- Tech Talk
The coating is crucial
Whether as a component, in a lens or in customer-specific systems – practically all of the almost 100,000 optics that leave our company every year are coated. Depending on where and for what application, they transmit, reflect, polarize and filter light of various different wavelengths. Helmut Bernitzki, Senior Expert Coatings, with Jenoptik since the early 1980s, knows the secrets of nanometer- and micrometer-thin coatings. In an interview he answers our questions., Helmut Bernitzki
Mr. Bernitzki, you have been working with optical coatings for almost four decades. What do you find particularly exciting?One of the best parts of my job is when we create something that others can't manage to do. And it is always a challenge but also very interesting to understand and use interfaces to optics manufacturing, cleaning and measurement technology.
Does one special order come to mind?There have been quite a lot because, as OEM-partner, we generally offer customized solutions.
Our deep ultraviolet (DUV) coatings are pretty special. They are very complex and the solutions we've implemented, for example in 193-nanometer mirrors, are world class. The development of the basic technology for DUV coatings was also outstanding. It enabled us to generate a number of key customers.
What types of surfaces and geometries do you coat and how long does the process take?
We coat plano optics, spheres or aspheres – for example cylindrical lenses. It is possible to coat optics up to a maximum length of approximately 900 mm. Our coating cycles range from under two up to 24 hours at temperatures between 100 and 300 degrees.
What are your greatest challenges in optical coatings?
Above all, knowing what materials are best suited for specific applications, and of course an understanding of the best technology to use. Among other things, we coat crystals and optical glasses made from calcium fluoride, crystalline quartz, silicon, germanium, zinc sulfide, sapphire, quartz glass, BK7 with fluorides, oxides, germanium, zinc sulfide and metals.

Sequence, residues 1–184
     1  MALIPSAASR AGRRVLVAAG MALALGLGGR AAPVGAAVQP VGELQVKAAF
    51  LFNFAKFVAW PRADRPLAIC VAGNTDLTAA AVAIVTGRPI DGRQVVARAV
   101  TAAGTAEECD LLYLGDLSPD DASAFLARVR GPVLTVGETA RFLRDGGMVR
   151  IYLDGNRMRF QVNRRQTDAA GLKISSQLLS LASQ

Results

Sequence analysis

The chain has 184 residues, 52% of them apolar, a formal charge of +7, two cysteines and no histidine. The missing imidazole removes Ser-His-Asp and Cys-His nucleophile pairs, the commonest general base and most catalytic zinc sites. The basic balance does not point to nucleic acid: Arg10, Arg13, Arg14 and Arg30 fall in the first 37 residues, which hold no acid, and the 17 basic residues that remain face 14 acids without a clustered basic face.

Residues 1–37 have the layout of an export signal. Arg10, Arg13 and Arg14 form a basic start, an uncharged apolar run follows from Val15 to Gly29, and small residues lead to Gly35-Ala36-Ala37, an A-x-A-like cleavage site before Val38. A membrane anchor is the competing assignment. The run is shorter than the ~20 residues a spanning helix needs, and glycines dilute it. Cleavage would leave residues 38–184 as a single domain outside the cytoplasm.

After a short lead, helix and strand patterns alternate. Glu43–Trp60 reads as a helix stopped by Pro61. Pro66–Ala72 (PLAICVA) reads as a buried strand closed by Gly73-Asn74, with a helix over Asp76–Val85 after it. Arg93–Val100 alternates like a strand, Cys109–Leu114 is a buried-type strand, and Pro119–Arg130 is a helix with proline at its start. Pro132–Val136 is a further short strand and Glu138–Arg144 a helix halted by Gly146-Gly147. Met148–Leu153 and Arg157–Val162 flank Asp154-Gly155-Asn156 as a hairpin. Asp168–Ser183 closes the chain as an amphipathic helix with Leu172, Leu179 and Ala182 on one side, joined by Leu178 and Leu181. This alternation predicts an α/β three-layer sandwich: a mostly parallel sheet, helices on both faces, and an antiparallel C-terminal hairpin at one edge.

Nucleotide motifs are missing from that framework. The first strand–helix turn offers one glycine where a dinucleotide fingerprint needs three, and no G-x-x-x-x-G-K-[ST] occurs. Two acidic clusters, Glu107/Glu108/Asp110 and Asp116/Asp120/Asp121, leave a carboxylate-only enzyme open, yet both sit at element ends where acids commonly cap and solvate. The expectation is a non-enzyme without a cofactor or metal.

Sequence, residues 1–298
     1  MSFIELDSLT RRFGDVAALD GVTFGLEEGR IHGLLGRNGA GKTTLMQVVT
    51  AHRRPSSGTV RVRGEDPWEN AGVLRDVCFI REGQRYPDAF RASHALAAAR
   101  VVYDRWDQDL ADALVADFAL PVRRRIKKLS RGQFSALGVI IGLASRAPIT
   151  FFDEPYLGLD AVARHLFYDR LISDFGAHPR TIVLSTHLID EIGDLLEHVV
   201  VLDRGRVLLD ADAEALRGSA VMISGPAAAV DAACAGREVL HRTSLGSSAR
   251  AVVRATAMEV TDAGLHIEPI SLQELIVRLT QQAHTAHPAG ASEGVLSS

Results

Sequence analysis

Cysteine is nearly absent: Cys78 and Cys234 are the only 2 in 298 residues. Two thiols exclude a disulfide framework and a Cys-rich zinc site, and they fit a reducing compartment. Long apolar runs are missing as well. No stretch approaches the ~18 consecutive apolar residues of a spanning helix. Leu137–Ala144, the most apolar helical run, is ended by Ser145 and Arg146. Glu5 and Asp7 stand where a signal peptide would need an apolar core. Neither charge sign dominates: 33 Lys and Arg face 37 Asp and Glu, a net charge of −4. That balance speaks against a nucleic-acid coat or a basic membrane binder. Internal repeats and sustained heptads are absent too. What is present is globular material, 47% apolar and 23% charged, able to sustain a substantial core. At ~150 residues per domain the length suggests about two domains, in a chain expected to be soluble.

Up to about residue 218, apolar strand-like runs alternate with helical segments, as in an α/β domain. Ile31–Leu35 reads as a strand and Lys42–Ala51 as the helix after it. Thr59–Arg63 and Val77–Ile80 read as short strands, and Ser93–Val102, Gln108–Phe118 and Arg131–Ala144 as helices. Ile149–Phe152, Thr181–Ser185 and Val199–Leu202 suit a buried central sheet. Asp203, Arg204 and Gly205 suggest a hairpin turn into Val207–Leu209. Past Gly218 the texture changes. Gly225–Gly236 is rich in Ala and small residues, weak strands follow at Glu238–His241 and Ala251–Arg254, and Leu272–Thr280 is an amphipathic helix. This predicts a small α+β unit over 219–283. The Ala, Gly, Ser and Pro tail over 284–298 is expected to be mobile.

We work with up to 100 coatings on one substrate side for some applications for semiconductor equipment, medical technology and analytics. This number makes it clear that knowledge about design is crucial, as well as knowing which layer offers which solution. Among other things, this also includes monitoring and documentation. The results we achieve are transferred to the complete series production.
Which application areas and wavelengths do we offer?Our most important objective is to meet the requirements of our customers. These include suppliers to the semiconductor industry, machine builders for laser material processing and system vendors that require infrared components. We therefore coat from DUV (deep ultraviolet) through VIS (visible) up to IR (infrared) – from 193 nanometers to 20 micrometers.
In addition to this, we also manufacture coatings for special broadband applications, from DUV to NIR (deep ultraviolet to near infrared).
What does "broadband" mean?Applications are broadband or even multispectral if more than one wavelength plays a role. This is the case in the semiconductor industry, for example. Here, broadband light sources and sensors are used to control technologies in wafer processing or also to precisely adjust wafers. These are based on highly accurate measuring methods.
In which order are the optical coatings "vapor deposited" one on top of the other?First and foremost, the order depends on the component and the requirements of the application. We rely on our experience and understanding of which layer follows which layer – this is part of our skill set.
How do you measure and test the properties of the coatings and ensure quality?Our quality assurance process also includes an in-house developed DUV photometer, which measures the transmission on moving substrates down to a measuring wavelength of 200 nanometers during the coating process. The increased measuring accuracy of this device gives us a unique competitive edge. We have instrument technicians on board who can check the performance of each individual component.
We measure more complex components using in-house developed laser-based measuring instruments in high purity nitrogen under clean room conditions. Furthermore, we can perform lifecycle tests. We shoot components and lenses with 20 to 50 million laser pulses – in one case even with 7 billion "shots", enabling us to simulate ten years of use under real-life conditions.
We obtain approval for start of series production from customers themselves as soon as they have successfully tested the prototype in use.
Thank you for the interesting interview, Mr Bernitzki.
About Helmut Bernitzki
Helmut Bernitzki received his diploma in physics in 1981 from the Moscow Lomonossov University, Russia. From 1984 he works in different R&D positions at Jenoptik on the field of optical thin films and optical production technologies. From 2000 until 2008 he headed the R&D department Technology Optics. Today he works as Senior Expert Coatings.